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Twitter's Jack Dorsey, Snap's Evan Spiegel to be invited to international "fake news" hearing

Tech giants facing calls to testify

An extraordinary public hearing featuring some of the world's most prominent tech leaders could also include Twitter CEO Jack Dorsey as well as the CEOs of Snap and Amazon Web Services, according to Canadian Member of Parliament Bob Zimmer.

The May 28 hearing in Ottawa is the second gathering of the International Grand Committee, a collection of lawmakers from around the world who've banded together to combine their investigations into online disinformation campaigns, election meddling and "fake news."

Zimmer, who is chair of the committee, tells CBS News in total a dozen executives have now or will soon receive invitations. 

The list includes Dorsey, Twitter's executive chairman Omid Kordestani, Snap co-founder and CEO Evan Spiegel, and Andrew Jassy, CEO of the cloud computing platform Amazon Web Services.

CBS News reported Friday that invites also went out to Facebook CEO Mark Zuckerberg and Chief Operating Officer Sheryl Sandberg, Amazon CEO Jeff Bezos, Google CEO Sundar Pichai; Eric Schmidt, the former executive chairman of Google's parent company, Alphabet; Apple CEO Tim Cook and COO Jeff Williams, and WhatsApp cofounder Brian Acton.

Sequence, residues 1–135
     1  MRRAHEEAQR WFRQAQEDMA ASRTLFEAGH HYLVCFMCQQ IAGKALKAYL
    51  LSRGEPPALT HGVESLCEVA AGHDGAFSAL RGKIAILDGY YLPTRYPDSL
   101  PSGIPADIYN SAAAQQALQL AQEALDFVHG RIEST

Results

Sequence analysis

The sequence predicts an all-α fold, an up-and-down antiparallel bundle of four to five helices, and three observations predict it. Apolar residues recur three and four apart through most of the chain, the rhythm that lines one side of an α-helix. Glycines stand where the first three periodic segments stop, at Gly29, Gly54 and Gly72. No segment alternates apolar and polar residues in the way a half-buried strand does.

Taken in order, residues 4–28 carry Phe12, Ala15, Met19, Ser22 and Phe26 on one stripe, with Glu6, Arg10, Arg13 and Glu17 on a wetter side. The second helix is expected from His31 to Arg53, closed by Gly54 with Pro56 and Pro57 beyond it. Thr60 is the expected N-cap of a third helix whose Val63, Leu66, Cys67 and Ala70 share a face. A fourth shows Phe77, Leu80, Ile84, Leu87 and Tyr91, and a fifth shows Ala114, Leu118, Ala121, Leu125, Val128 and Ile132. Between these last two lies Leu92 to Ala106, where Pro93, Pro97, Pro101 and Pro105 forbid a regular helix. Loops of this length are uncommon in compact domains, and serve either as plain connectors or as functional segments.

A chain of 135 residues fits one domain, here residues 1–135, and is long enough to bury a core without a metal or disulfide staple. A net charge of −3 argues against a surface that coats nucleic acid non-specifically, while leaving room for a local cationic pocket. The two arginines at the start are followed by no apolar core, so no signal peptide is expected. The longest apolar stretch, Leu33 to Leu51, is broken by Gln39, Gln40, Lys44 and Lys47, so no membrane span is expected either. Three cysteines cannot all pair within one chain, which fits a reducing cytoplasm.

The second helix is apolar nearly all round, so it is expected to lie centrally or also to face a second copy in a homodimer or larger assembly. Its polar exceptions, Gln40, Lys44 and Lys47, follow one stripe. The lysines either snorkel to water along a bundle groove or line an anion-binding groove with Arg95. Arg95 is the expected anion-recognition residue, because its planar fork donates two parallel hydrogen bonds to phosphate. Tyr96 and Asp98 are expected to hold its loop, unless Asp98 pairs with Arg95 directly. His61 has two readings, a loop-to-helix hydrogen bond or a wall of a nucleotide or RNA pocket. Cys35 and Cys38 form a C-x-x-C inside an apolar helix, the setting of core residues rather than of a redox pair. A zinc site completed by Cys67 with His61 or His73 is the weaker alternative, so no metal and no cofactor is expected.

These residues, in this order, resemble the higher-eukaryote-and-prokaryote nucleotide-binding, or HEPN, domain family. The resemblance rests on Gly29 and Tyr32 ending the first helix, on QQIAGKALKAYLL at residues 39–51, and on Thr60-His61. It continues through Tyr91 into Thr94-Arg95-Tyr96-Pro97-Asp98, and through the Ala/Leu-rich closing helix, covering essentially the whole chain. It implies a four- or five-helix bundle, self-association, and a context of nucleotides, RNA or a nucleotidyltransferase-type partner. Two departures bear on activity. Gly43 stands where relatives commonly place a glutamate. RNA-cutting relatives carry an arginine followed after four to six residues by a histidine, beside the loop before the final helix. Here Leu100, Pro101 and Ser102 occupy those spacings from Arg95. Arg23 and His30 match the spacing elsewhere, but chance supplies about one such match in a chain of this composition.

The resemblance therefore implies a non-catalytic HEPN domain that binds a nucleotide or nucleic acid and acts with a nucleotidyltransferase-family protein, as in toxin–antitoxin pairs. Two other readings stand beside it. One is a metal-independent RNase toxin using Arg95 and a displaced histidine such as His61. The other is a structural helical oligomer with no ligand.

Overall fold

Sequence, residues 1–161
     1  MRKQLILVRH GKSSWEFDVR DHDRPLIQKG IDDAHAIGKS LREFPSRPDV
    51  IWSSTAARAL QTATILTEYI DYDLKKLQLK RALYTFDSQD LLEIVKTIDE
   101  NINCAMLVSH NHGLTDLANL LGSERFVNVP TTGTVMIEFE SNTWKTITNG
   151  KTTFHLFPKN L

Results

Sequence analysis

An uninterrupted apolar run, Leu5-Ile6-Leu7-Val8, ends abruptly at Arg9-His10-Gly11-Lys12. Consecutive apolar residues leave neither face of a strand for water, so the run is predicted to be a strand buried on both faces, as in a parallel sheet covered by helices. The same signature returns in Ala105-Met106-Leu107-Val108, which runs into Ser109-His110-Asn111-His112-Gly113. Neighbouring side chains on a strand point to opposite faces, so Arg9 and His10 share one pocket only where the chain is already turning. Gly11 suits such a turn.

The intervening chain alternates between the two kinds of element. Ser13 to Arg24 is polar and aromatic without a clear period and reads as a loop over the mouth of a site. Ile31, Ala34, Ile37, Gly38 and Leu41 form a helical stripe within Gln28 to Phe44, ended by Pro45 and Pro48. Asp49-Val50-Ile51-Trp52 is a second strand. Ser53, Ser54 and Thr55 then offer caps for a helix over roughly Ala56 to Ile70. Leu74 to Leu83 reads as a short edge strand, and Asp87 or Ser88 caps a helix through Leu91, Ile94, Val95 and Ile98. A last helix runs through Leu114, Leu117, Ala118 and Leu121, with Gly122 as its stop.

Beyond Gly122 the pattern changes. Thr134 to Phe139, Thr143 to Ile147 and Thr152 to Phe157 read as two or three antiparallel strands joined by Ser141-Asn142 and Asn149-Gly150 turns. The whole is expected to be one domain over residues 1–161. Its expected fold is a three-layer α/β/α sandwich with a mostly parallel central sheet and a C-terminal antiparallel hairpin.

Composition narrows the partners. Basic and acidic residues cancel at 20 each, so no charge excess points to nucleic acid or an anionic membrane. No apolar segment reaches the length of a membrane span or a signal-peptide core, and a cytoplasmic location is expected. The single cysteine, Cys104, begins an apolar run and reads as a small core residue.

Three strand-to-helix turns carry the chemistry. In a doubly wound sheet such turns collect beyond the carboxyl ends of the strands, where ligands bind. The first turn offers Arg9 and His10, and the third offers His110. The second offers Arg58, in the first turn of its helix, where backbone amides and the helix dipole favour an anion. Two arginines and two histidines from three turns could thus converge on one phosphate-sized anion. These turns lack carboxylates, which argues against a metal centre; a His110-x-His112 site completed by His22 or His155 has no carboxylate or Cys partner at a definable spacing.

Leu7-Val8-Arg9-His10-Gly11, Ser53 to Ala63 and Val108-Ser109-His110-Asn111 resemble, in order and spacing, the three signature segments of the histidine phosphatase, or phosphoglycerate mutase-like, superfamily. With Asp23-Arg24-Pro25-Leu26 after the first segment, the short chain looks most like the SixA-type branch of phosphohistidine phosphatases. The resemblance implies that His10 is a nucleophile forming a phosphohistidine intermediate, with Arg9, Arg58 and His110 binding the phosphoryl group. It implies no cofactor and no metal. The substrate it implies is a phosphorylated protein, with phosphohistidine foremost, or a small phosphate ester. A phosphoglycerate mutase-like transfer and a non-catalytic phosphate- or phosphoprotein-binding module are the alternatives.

The list includes several of the world's wealthiest people, who control some of the most dominant companies in computing and social media.

Damian Collins, a British Member of Parliament who's on the committee, said some of the companies whose leaders are invited are at odds with each other when it comes to data privacy standards.

"It will be interesting to see, in particular with companies like Apple, they seem to be taking a very different stance with regards to data privacy, and against Facebook with regards to privacy, so it will be interesting to know a bit more about that," Collins said.

News of the next hearing has come as Collins' committee in Parliament released on Sunday a scathing final report stemming from an 18-month-long investigation in the use of Facebook to disrupt elections and sow disinformation.

The report was particularly critical of Facebook for sending lower-level executives to both the U.K. Parliament and International Grand Committee hearings instead of Zuckerberg.

U.K. Parliament says Facebook failed users over personal data

For the global committee's first hearing in London on Nov. 27, Facebook sent Richard Allan, the company's vice president for public policy and a member of Britain's House of Lords, who sat next to an empty chair reserved for Zuckerberg. The lawmakers who attended the November hearing were from the U.K., Canada, Brazil, Latvia, Argentina, Ireland, Singapore, France and Belgium. 

Zimmer, the Canadian Member of Parliament, said Thursday that the committee will not allow lesser regional representatives to substitute for top executives at its May hearing.

"One thing that will not be acceptable that I want to have on the record is that Canadian representatives are not going to suffice," Zimmer said. "They're not the real voice of leadership in the companies, so we're looking at getting specifically the names mentioned to come."

American lawmakers who are investigating disinformation will be invited to the May hearing, Zimmer said. 

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